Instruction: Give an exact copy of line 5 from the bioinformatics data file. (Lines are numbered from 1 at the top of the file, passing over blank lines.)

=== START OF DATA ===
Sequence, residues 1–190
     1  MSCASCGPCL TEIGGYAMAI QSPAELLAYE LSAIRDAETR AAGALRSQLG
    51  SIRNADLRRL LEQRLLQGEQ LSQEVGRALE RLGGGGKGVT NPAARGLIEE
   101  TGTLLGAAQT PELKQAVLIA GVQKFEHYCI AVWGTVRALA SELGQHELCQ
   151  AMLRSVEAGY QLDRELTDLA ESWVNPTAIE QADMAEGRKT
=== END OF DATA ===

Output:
   151  AMLRSVEAGY QLDRELTDLA ESWVNPTAIE QADMAEGRKT